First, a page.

MUCH-LOVED mother, grandmother and mother-in-law, Mary Brinton, has died at the age of 79.

Born on the Isle of Wight, Mrs Brinton's father, Alfred Roseblade, died a month before her birth.

When she was four, her mother Marjorie married Richard Hopkins ­— also a Welshman ­— and they gave her six siblings — Catherine, Pamela, Richard, Ivor, Yvonne and Gina.

Mrs Brinton went to a private primary school in Parklands Avenue, Cowes. She later attended Denmark Road School and Cowes Secondary Modern.

She took piano lessons before school and enjoyed playing the instrument for many years.Isle of Wight County Press: Mary Brinton.Mary Brinton.

When Mrs Brinton left school in 1956, she worked for Saunders-Roe as office junior, rising to secretary.

She married Clement Brinton in March, 1961, and left work to have their first child, Lynn, in February, 1962. Their second child, Helen, was born in January, 1964.

She resumed her secretarial career when her children were older.

Mrs Brinton was proficient at Pitman shorthand and, right up until a few months before she died, would listen to the news and take it down in shorthand for ‘something to do’.

She was a committed Christian and for many years an active worshipper and member of Cowes Baptist Church, where she was also a Sunday school teacher and ran the church youth club.

Mrs Brinton spent most of her working life in the Island’s youth service, and was heavily involved in the administration of the International Youth Camps, which ran for more than 25 years.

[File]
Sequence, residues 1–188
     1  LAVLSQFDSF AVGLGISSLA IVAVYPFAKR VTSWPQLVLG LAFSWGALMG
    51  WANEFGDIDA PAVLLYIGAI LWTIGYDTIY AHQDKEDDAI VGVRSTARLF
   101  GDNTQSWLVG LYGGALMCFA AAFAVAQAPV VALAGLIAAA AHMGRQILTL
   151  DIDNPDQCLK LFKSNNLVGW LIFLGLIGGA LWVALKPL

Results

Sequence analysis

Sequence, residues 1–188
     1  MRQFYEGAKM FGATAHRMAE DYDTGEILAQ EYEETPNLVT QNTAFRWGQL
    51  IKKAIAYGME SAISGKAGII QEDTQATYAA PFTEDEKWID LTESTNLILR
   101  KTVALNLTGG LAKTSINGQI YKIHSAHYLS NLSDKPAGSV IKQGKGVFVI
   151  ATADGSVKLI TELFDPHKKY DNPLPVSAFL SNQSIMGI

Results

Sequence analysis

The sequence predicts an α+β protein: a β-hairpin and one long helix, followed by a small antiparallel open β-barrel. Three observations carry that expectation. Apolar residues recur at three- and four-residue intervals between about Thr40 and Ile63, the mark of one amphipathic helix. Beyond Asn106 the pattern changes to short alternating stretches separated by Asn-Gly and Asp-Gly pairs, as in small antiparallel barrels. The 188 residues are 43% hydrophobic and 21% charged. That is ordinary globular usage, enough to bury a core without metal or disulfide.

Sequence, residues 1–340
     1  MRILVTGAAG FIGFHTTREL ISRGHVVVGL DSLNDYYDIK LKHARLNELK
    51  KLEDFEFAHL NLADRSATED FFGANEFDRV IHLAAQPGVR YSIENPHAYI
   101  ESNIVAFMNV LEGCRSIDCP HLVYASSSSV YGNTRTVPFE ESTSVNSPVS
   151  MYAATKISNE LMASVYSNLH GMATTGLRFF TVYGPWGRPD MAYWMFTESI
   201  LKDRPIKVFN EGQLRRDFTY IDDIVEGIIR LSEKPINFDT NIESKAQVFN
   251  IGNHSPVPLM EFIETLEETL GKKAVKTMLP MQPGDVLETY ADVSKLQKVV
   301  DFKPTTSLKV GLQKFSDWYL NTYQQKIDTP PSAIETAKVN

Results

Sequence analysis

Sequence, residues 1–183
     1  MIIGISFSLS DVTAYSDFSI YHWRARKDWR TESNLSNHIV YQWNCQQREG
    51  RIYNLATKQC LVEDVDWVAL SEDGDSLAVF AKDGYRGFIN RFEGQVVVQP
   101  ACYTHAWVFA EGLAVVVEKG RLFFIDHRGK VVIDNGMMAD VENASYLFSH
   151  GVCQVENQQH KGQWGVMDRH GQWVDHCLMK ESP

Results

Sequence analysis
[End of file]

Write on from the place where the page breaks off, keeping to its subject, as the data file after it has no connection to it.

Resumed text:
Entering the youth office, you would find her at her desk behind a messy mound of papers ­— but she knew exactly where every piece of paper was and its individual importance.

She acted for many years as the secretary for the Island’s Prince’s Trust committee, distributing grants to young people.

Always willing to help, she supported all sectors of youth work, manipulating rules and regulations for the benefit of young people.

In 1997, Mrs Brinton's husband died, and she retired from paid work in December, 2001.

Her popularity was evident when colleagues past and present paid their respects at her retirement barn dance.

After retirement, Mrs Brinton volunteered at Cowes Youth Club, and was frequently the home base emergency contact for Duke of Edinburgh Award expedition groups.

She attended several events at Buckingham Palace and St James’s Palace to meet Prince Charles and Prince Philip.

Mrs Brinton was an active member of Cowes Heritage, producing displays for their annual exhibitions.

She also spent years researching her family history, and compiled her findings into four enormous folders — one for each of her grandchildren, Elizabeth, William, George and Charlie.

She had a great rapport with children and doted on her family, spending hours playing games with her grandchildren, singing and making things with them.

She also volunteered at Northwood Primary School, predominantly helping older children with reading and maths.

Mrs Brinton used to knit and sew for her family, who remember her as a great, traditional cook.

A true unsung community champion, Mrs Brinton was so well-known, her grandchildren often joked that wherever they went on the Island, she always bumped into someone she knew.